With inputs from Kathrin Altwegg, ROSINA science team, University of Bern.
Since early August, the Rosetta Orbiter Sensor for Ion and Neutral Analysis (ROSINA) has been ‘sniffing the fumes’ of 67P/C-G with its two mass spectrometers.
As reported previously in this blog, even though the comet is still more than 400 million kilometres from the Sun, the mixture of molecules detected in the comet’s coma is surprisingly rich already. Before arriving at 67P/C-G, the ROSINA team thought that at these vast distances from the Sun, its relatively low intensity would only release the most volatile molecules via sublimation, namely carbon dioxide and carbon monoxide.
However, ROSINA has detected many more molecules. Indeed, as of our 11 September report, ROSINA’s inventory of detected gases 67P/C-G looked like this:
Carbon monoxide (CO)
Carbon dioxide (CO2)
But today we can report that the following have also been detected:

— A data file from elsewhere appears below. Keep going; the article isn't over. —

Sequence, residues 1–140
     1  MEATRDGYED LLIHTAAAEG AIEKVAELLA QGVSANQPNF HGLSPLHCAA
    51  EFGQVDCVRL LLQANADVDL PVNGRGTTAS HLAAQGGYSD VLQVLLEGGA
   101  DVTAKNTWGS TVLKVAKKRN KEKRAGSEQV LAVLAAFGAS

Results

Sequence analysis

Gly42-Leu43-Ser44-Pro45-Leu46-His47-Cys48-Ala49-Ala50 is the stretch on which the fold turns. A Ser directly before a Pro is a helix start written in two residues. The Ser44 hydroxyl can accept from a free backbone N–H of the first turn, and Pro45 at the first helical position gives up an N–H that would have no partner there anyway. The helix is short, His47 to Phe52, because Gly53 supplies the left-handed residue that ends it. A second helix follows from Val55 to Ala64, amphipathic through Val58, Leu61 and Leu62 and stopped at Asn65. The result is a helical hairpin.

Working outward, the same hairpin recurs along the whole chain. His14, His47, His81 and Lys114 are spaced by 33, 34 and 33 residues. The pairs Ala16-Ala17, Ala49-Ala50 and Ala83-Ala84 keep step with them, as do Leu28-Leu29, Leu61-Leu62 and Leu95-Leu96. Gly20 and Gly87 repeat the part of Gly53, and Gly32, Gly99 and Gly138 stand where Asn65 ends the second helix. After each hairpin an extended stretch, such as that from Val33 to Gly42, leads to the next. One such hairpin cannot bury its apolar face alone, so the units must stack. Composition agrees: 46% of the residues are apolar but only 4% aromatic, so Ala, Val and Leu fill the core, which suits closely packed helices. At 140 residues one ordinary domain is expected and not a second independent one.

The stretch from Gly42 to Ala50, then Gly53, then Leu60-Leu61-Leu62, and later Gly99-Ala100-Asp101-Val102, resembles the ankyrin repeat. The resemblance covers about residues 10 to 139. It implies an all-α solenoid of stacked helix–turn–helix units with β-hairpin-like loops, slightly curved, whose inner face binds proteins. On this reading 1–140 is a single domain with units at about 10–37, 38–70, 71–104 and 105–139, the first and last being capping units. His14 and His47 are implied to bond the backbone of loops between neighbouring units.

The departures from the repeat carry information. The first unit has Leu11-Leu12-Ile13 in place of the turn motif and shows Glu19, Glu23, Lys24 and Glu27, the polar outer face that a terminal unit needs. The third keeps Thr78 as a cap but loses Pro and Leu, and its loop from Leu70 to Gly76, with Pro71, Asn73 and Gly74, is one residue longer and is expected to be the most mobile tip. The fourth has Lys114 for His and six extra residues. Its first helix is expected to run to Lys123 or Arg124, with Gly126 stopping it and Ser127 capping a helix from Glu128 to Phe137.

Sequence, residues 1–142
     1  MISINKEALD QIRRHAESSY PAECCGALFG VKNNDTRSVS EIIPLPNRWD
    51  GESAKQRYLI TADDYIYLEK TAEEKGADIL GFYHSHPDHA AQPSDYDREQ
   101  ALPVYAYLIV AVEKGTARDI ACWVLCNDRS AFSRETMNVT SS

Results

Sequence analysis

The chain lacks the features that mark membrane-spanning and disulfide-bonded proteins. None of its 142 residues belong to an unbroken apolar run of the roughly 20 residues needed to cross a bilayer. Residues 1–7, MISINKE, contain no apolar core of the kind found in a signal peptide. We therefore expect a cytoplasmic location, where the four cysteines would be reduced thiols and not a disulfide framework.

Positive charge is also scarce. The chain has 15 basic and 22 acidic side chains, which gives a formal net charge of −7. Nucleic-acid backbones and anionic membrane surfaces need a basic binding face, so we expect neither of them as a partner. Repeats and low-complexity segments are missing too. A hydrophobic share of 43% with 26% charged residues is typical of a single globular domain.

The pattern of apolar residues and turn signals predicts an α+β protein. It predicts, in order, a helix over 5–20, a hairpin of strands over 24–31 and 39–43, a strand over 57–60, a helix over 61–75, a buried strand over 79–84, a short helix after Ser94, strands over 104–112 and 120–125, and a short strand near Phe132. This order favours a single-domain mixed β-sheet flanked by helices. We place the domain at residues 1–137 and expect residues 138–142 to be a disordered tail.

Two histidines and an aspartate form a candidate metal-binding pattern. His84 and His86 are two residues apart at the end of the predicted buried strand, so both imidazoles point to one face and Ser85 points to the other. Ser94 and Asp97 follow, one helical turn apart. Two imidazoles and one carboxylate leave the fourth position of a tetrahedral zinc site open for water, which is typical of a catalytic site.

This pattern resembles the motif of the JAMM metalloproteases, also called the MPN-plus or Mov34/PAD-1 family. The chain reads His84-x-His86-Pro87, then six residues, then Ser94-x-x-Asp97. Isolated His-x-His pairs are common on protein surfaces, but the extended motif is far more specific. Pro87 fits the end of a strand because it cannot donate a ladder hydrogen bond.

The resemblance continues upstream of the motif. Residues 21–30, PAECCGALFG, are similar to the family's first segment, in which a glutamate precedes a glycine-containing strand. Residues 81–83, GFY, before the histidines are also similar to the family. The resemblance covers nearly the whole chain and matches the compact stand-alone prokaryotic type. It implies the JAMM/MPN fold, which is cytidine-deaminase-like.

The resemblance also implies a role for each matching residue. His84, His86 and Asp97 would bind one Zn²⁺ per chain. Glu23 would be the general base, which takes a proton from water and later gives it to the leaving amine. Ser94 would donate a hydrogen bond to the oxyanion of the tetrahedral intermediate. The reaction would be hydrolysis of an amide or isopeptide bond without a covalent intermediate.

Hydrogen sulphide (H2S)
Hydrogen cyanide (HCN)
Sulphur dioxide (SO2)
Carbon disulphide (CS2)
If you could smell the comet, you would probably wish that you hadn’t 🙂
As the Kathrin Altwegg, principal investigator for ROSINA, put it: “The perfume of 67P/C-G is quite strong, with the odour of rotten eggs (hydrogen sulphide), horse stable (ammonia), and the pungent, suffocating odour of formaldehyde. This is mixed with the faint, bitter, almond-like aroma of hydrogen cyanide. Add some whiff of alcohol (methanol) to this mixture, paired with the vinegar-like aroma of sulphur dioxide and a hint of the sweet aromatic scent of carbon disulphide, and you arrive at the ‘perfume’ of our comet.”
While this is unlikely to be a particularly attractive perfume, remember that the density of these molecules is very low, and that the main part of the coma is made up of water and carbon dioxide, mixed with carbon monoxide.
The key point, however, is that a detailed analysis of this mixture and how it varies as 67P/C-G grows more active will allow scientists to determine the comet’s composition. Further work will show how 67P/C-G compares with other comets, for example by revealing differences between comets originating from the Kuiper Belt (like 67P/C-G) and comets that hail from the distant Oort cloud (like Comet Siding Spring, which recently flew past Mars). The goal is to gain insights into the fundamental chemical make-up of the solar nebula from which our Solar System and, ultimately, life itself emerged.